Visiting 'home'

contacts with the homeland, self-reflexivity and emergent migrant bilingual identities

Alan Williams, Charlotte Setijadi-Dunn

Research output: Contribution to journalArticle

Abstract

There has been increasing interest recently in the way that additional language learners' identities are affected and changed by their experiences in developing proficiency in another language. In the case of migrants, this is also affected by familiarity with their new country and language, and their transition into life in a new social and cultural environment. National and linguistic elements of identity are only part of people's multifaceted identities. However, these are of particular significance for language teachers and central to identity shifts involved in language acquisition and settlement in a new country. We present data from two adult EAL (English as an additional language) learners' accounts of their developing bilingual identities in the Adult Migrant Education Program (AMEP). In particular, we focus on one student's self-reflexivity as she described how her experiences of travelling back to her homeland of People's Republic of China (PRC) contributed to the development of her emerging bilingual identity. This is supported by a shorter extract from a Colombian student's experience, as she described her difficulties in communicating something of her Australian experience to her family in Colombia. The study suggests ways in which language teachers can assist their adult immigrant learners to explore this aspect of their growth as bilingual speakers in their new language.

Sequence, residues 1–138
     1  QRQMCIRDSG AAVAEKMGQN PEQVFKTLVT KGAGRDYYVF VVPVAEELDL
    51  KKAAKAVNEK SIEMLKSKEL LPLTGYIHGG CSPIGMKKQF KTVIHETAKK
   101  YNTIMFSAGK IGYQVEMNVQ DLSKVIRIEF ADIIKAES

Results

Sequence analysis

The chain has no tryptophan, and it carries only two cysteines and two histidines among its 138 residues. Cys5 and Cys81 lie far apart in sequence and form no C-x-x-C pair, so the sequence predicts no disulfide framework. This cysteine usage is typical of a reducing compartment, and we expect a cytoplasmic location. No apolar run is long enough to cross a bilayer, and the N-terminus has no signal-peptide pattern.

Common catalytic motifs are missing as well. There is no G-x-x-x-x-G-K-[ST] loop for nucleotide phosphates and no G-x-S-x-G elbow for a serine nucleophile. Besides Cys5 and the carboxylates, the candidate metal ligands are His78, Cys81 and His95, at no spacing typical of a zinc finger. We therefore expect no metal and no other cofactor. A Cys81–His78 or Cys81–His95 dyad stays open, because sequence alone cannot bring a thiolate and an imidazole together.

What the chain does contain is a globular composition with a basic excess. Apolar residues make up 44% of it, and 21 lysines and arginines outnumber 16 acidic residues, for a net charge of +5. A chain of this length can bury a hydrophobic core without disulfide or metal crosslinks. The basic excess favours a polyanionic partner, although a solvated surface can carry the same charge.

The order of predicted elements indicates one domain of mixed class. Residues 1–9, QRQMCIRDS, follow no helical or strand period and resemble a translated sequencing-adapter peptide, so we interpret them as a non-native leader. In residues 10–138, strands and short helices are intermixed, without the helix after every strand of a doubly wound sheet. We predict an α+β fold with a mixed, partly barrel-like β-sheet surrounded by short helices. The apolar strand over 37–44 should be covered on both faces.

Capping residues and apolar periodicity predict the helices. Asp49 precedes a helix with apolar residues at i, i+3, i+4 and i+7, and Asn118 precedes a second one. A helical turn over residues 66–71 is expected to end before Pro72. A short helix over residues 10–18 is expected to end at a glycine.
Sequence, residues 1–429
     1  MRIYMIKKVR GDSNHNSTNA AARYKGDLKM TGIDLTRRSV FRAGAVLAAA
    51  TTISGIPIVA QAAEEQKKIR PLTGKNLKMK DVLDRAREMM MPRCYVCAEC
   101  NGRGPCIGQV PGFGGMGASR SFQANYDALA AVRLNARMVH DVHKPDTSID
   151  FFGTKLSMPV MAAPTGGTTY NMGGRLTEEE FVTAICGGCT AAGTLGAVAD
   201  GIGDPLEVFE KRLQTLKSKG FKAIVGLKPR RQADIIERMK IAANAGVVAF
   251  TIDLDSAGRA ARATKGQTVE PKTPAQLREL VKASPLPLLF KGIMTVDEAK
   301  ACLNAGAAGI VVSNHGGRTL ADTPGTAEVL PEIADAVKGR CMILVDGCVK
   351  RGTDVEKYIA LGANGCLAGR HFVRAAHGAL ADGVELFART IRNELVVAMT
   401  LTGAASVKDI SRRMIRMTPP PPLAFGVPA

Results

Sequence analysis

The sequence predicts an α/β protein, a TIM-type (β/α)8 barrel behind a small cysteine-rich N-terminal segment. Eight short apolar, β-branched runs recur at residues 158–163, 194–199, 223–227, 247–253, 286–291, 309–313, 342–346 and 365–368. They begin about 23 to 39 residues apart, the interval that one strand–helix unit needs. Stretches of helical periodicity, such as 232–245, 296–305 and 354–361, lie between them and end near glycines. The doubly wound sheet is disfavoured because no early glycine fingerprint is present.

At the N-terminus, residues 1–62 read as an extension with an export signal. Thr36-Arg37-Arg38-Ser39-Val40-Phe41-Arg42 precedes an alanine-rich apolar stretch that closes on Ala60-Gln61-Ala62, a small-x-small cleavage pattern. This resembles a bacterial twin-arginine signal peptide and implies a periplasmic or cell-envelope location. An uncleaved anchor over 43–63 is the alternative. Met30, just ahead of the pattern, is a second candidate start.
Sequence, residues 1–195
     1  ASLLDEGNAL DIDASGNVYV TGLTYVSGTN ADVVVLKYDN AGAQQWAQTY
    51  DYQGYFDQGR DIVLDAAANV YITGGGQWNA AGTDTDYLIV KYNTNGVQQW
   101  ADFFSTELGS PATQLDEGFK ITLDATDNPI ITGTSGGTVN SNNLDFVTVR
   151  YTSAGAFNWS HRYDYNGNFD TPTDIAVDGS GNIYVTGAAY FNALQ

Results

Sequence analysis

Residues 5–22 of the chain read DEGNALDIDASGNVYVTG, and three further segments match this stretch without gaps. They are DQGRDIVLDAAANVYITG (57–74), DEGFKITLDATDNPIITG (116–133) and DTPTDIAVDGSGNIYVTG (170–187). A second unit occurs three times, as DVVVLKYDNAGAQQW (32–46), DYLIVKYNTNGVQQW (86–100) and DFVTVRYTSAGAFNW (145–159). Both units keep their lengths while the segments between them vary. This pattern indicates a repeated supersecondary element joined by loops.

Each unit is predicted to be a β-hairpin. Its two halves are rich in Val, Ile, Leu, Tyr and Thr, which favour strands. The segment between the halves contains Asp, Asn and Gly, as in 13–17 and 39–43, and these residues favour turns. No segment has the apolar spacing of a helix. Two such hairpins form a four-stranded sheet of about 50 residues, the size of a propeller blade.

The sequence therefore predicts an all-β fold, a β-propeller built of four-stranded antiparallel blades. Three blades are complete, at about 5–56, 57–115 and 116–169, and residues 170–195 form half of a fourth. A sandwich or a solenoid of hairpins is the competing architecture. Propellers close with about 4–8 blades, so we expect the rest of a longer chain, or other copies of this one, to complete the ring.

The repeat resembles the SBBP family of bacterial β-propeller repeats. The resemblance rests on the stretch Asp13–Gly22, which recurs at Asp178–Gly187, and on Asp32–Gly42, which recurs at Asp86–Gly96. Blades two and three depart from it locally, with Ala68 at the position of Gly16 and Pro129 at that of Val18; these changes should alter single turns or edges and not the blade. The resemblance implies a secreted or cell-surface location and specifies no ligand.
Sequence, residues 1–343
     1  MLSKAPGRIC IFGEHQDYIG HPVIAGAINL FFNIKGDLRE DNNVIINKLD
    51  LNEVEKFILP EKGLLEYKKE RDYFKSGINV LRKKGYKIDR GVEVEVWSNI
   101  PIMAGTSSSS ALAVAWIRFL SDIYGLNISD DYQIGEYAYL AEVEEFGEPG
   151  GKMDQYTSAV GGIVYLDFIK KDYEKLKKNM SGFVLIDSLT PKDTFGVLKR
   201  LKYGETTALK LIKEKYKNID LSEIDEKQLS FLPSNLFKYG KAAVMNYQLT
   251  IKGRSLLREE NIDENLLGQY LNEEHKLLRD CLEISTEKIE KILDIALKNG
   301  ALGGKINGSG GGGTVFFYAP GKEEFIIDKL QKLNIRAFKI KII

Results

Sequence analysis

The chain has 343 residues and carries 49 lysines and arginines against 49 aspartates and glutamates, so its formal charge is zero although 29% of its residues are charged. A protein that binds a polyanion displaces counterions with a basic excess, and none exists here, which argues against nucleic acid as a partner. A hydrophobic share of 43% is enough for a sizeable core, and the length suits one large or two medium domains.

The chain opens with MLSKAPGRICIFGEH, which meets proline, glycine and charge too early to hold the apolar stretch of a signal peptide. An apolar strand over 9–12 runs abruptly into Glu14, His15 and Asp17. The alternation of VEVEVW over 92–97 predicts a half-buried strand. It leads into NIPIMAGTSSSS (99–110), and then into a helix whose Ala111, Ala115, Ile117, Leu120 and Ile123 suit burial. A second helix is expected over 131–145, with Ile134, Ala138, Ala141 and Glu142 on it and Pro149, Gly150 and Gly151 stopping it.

Original languageEnglish
Pages (from-to)40-56
Number of pages17
JournalTESOL in Context
Volume21
Issue number1
Publication statusPublished - 2011
Externally publishedYes

Keywords

  • bilingual identity
  • language proficiency
  • self-reflexivity
  • teaching

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